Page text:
Monday, June 27, 2016
Thursday, August 07, 2014
While most of last year's crop of sunflower seeds were fed to the birds, I saved some for planting this year. On two or three different occasions I put some in places I thought would make a sunflower happy, but to be honest, didn't keep good track of where they were. I left the weather in charge of watering them, and was pretty lucky on that front; it was a wet spring, but not overly so, from what I could tell.
Tuesday, August 05, 2014
I've mentioned before that my interior design style is best described as "ya done with that?" Even now when it's not the financial necessity it once was, I'm still likely to accept free things friends are getting rid of, just in case. That's what happened a few weeks ago when someone offered me two blue curtain panels. .
Once they were an option, I realized they would be a good replacement for the ones hanging in my bedroom. Sixteen years hanging in south-facing windows had caused them not merely to fade, but actually tear from sun damage. So I was surprised, as I took them down, to find myself a bit melancholy. They were more woven into my history than I had realized.
Wednesday, July 30, 2014
I startled this praying mantis when I cut some of the basil this past weekend. Since then I've checked for it whenever I'm in the vicinity, and it has always been there. I wouldn't have thought basil was especially appealing to insects of any kind, with the essential oils being so strong, but apparently praying mantises and lady bugs are actually drawn to herbal plants. Since both insects are known for eating garden-destroying bugs, I'm always glad to see them around. I also just think they're cool.
Tuesday, July 22, 2014
When we first met five-year-old J, I thought perhaps I was imagining the spark when she saw Bill. But her father (a college friend of mine) chuckled and whispered to me, " I think somebody has a crush." It was instantaneous and adorable. Bill loves kids, but often feels out of his element, doubting his ability to connect with them. It was obvious though that J was ready to take him in hand.
Wednesday, February 05, 2014
This is another in a series that has been forming here over the years without me realizing it: musings on favorite books. Whether it's true or not, on general principle I will say that spoilers abound here, so if such things bother you, don't read this essay. I'll be talking about bird feeders, or dogs, or something else soon. The quotations in the essay all come from:
Renault, Mary. The Charioteer. New York: Pantheon Books, 1974
At one point in The Charioteer, by Mary Renault, Laurence Odell (Laurie, or Spud to his friends) is rereading Plato’s The Phaedrus, a book he has found deeply inspiring since adolescence. When a friend asks him to describe it, he is momentarily stymied for many reasons, but one of the biggest is “it had been a part of his mind’s furniture for years…” (p.108). This is as good as any description of my relationship with The Charioteer. It has been a touchstone for me since I first picked it up thirty-five years ago. Trying to describe that relationship, however, has proven elusive; I doubt I’ll ever be able to do it effectively. I suppose it’s like trying to describe any important long-term relationship. I've probably read it dozens, even scores of times, and almost every reading has revealed something new. I think the book is wiser than I am, with insights that wait patiently for me to see only when I’m ready for them. It has anticipated and marked key changes in my life and gave me hope at key points. I would even go so far to say it had a hand in shaping my ethics.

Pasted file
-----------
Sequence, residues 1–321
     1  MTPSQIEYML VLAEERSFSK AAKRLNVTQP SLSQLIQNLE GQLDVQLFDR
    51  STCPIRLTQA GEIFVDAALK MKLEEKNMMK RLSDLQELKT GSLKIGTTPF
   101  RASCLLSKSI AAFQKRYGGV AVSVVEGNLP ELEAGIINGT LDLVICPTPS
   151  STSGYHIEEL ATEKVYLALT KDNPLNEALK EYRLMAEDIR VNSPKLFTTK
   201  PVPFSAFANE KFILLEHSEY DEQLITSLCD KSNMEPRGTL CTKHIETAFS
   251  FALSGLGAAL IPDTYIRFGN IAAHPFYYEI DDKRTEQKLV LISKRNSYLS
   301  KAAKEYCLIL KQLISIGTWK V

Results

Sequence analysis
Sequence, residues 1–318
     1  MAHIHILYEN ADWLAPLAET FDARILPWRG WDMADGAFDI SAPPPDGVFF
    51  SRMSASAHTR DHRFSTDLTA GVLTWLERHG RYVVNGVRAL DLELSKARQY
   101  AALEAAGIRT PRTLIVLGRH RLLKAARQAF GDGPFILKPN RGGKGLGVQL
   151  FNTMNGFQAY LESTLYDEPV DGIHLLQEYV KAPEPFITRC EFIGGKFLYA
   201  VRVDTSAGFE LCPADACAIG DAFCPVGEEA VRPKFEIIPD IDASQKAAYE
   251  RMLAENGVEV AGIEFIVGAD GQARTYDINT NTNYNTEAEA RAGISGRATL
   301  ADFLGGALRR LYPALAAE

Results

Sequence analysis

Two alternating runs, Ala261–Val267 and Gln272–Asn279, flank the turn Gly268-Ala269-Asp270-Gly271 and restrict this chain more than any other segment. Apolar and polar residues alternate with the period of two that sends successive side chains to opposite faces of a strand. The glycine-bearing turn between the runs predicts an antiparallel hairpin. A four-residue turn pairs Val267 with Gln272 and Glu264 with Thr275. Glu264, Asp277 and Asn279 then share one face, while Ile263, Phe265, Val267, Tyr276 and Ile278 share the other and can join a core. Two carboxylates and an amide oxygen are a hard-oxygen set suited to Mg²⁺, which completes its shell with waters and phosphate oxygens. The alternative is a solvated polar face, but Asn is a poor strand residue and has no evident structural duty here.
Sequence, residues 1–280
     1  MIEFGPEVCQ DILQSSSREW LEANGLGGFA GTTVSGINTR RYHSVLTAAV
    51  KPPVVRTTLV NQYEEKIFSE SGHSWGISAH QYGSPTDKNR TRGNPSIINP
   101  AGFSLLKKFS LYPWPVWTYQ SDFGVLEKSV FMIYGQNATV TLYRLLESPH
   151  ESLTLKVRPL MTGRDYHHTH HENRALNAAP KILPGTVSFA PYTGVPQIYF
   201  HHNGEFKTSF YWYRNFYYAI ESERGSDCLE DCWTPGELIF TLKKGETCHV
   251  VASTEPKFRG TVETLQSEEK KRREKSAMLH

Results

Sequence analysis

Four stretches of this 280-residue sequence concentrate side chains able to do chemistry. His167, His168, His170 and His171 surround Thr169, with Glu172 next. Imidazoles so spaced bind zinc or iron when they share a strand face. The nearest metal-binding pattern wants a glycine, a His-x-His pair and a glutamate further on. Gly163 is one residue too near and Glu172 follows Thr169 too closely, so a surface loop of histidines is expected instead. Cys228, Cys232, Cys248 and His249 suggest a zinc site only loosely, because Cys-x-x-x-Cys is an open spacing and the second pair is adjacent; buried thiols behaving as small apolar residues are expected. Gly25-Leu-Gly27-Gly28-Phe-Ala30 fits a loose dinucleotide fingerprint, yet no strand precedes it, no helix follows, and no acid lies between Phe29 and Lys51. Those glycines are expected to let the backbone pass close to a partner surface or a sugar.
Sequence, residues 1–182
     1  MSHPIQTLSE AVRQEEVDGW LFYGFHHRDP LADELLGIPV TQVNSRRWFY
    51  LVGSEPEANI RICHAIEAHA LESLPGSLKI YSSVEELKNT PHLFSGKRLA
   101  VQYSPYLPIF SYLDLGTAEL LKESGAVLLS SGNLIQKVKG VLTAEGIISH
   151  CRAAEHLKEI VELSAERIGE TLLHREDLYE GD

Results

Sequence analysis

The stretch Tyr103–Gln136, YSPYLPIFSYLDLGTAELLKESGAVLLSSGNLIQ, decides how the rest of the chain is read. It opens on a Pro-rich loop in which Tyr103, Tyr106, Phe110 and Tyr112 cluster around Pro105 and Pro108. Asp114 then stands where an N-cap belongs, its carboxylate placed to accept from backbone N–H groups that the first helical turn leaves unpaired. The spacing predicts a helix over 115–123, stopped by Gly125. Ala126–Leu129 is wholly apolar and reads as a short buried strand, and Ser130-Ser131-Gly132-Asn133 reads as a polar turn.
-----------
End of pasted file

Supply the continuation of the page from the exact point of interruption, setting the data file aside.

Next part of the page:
Friday, November 01, 2013
Pan is not a gentleman. Do not invite him in, thinking he will wipe his hooves. If you ask, count yourself lucky if all he does is smile, or chuckle a bit. The stink of him, a goat in rut, will settle like a fog and linger long after he’s gone.
He’ll bring friends too, will Pan. They will decimate your flowers, rummage through your compost piles and garbage cans, trample the inedibles under hooves and paws and claws. Their shit and piss will befoul your tidy walkways, burn your ground covers, erode your limestone accent rocks, and somehow always, always end up on your shoes. They’ll bare their fangs when you try to shoo them out of your prize-winning azaleas, chasing you back into your climate-controlled house, shivering, to seek out poisons or weapons. They’ll bite and sting, raising itchy welts that seep and scab, making you want to claw your skin off or lose a limb. They’ll chew away your foundations, infiltrate your kitchens, wander across your legs in the night, buzz against windows or your ear, and reduce your wooden porches to sawdust.
Pan is not a gentleman. He won’t care a bit for your Greek-inspired gazebos, your filtered water features, your decorative figurines of ducks and frogs. He’ll appreciate the gnomes a bit, recognizing them as tribute, but he’ll laugh at the bucolic dress, the pathetic attempt to hide his horns and hooves, his nakedness.
He won’t break your rules; he will never bother to learn them. He won’t even know such things exist. Your boundaries and preferences, your focal points and accents, your easy access and parking lots, he won’t see them all. He’ll use them if he likes, and erase them if that’s better.
Do not ask for a little wildness, just around the edges of your life. There is no such thing. Vigorous roots will sink deep, vines will strangle your carefully manicured shrubs, lush, enormous leaves will sprout from branches or spring from the ground, soaking up the light and rain, draining all the nourishment from the soil, leaving your tender exotics to wither and desiccate.
Pan is not a gentleman. He’s just life.